DETROIT (Reuters) - Privately held auto parts supplier Delphi Corp, which emerged from a four-year bankruptcy in October, has no timetable yet for an initial public offering, Chief Executive Rodney O‘Neal said on Wednesday.
“Our management team is just focused on the top line and the bottom line of the company and creating value. The market itself and our owners will dictate when that event occurs,” O‘Neal told Reuters on the sidelines of the Automotive News World Congress.
North America’s third-largest auto parts supplier slashed 90,000 workers and divested numerous business lines to focus on safety equipment, green technology and vehicle connectivity through the bankruptcy.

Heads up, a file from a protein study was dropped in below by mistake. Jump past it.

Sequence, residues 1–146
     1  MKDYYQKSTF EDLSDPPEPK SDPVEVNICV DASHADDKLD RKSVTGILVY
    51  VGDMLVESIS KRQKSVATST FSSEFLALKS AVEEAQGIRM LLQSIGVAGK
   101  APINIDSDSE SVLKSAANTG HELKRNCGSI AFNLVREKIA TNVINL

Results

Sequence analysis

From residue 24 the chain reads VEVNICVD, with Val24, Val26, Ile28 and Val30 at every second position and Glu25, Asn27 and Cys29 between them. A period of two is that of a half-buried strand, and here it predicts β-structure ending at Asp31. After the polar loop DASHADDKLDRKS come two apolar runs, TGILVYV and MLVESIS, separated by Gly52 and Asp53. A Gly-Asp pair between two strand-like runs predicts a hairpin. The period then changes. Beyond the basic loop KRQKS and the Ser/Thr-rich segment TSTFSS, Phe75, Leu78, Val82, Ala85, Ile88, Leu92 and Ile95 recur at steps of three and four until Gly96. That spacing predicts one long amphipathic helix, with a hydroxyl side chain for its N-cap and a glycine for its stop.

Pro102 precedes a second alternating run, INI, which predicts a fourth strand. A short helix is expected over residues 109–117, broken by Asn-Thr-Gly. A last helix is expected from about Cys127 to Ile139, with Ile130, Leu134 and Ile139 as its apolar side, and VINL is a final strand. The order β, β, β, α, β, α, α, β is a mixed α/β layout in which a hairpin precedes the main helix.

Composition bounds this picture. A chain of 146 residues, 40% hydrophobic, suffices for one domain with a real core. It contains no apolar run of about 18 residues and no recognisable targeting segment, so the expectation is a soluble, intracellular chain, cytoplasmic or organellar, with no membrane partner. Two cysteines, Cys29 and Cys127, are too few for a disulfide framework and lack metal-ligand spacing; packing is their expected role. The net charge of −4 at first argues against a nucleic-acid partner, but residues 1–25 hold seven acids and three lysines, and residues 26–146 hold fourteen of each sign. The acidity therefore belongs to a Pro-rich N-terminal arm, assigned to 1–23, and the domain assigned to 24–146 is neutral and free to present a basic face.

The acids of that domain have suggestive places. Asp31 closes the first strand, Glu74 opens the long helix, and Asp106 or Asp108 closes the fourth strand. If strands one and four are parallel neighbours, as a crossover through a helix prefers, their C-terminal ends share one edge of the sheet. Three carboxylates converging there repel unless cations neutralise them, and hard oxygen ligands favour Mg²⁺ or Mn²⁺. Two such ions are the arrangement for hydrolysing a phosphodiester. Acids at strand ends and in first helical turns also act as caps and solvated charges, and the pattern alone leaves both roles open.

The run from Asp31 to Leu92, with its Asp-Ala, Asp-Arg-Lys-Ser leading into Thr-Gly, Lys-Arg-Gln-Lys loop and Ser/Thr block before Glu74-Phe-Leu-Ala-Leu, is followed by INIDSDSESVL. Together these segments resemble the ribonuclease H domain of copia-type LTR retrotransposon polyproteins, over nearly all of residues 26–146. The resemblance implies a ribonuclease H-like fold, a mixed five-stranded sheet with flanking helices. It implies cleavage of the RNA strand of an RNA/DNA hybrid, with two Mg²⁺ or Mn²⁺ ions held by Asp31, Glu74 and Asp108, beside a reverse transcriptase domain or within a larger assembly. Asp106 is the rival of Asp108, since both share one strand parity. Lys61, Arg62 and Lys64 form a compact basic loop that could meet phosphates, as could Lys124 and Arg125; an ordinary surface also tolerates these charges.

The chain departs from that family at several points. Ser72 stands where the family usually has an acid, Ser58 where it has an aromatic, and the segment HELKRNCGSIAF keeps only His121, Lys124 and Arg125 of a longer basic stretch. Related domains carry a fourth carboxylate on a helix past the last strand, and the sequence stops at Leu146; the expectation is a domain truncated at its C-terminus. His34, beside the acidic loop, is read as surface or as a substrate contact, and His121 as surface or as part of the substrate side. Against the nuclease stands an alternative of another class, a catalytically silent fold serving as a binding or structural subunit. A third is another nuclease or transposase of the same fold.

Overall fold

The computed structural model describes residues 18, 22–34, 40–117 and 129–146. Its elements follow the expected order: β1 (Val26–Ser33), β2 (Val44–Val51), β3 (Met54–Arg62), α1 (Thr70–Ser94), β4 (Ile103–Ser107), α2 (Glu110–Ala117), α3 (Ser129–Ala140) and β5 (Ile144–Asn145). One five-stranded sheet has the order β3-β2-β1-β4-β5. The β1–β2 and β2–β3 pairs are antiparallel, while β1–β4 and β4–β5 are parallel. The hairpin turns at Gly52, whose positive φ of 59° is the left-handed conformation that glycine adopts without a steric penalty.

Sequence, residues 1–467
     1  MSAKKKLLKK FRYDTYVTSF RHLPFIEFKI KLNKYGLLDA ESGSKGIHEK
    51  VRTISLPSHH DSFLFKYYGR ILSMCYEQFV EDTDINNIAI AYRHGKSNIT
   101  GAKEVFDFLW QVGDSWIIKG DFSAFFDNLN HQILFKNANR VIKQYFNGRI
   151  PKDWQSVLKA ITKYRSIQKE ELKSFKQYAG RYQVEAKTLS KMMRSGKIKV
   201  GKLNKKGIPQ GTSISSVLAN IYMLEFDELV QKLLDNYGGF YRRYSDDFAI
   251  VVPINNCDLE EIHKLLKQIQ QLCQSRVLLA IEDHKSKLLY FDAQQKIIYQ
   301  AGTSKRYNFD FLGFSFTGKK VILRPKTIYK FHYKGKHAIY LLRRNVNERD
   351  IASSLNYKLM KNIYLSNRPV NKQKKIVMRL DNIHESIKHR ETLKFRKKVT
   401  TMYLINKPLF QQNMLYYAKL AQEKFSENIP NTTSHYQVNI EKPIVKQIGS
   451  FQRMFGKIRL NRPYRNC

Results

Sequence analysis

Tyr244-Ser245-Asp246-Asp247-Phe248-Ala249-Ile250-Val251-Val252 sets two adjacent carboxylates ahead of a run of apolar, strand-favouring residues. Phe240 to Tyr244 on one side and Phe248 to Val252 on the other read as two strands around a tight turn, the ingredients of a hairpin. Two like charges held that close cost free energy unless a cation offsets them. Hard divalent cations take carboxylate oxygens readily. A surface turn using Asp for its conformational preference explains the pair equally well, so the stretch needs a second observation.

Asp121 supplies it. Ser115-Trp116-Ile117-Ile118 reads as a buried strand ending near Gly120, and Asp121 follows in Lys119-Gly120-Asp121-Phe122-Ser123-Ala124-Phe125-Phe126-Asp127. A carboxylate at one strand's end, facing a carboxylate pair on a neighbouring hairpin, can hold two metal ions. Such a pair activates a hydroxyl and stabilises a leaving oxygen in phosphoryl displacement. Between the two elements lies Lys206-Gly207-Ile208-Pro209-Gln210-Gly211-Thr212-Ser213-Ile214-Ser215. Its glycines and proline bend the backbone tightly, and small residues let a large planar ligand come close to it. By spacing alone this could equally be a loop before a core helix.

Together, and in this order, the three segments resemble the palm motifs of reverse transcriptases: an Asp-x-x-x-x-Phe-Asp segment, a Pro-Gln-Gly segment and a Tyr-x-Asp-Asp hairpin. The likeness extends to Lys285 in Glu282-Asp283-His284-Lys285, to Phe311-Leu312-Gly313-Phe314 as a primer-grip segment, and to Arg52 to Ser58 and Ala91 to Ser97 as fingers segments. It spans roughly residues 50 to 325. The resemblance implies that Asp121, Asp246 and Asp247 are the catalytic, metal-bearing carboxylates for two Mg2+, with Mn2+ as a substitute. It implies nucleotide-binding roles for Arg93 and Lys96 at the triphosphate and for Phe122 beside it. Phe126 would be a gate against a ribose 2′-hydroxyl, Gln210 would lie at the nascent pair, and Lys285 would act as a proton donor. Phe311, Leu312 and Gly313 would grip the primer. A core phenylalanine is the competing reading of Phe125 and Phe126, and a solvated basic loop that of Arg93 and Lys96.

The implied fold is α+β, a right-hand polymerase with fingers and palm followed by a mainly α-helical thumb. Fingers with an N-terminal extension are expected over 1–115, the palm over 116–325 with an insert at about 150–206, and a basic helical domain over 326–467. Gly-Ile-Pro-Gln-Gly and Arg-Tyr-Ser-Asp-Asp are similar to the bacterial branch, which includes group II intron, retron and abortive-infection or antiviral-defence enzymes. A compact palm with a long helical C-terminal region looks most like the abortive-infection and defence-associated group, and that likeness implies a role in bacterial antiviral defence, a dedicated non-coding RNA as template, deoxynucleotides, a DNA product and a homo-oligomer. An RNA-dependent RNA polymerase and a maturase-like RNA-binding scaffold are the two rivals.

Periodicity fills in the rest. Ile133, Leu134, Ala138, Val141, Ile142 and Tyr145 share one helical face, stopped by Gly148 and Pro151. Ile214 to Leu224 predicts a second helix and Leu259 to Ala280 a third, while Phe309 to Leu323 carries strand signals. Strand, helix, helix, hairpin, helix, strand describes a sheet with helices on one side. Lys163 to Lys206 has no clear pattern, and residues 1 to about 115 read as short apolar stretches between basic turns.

With the company out of bankruptcy, Delphi is interested in acquisitions “for strategic reasons primarily around technologies and jobs we might have in our portfolio, but not just for the sake of top line (growth),” he said.
O‘Neal said the Delphi portfolio is now “very solid” when asked whether the parts maker would divest more businesses.
“As always, you always do a constant evaluation of where you are and where you want to go,” he said. “Nothing is static.”
Delphi is currently evaluating its business in Europe, where it has excess capacity it plans to cut, O‘Neal said.
“We have some right-sizing to do in Europe,” O‘Neal said. “When we finish what we have laid out we will be at the right size.”
O‘Neal said Delphi expects revenue to increase by about 40 percent to the $14 billion to $15 billion range by 2012.
“We are going to have significant improvement in ‘09 to 2010 in terms of positive cash flow and earning power of the company,” he said.
The former parts unit that GM spun off in 1999, Delphi has slashed thousands of jobs and divested numerous businesses in the reorganization.
Reporting by David Bailey and Arno Schuetze, editing by Matthew Lewis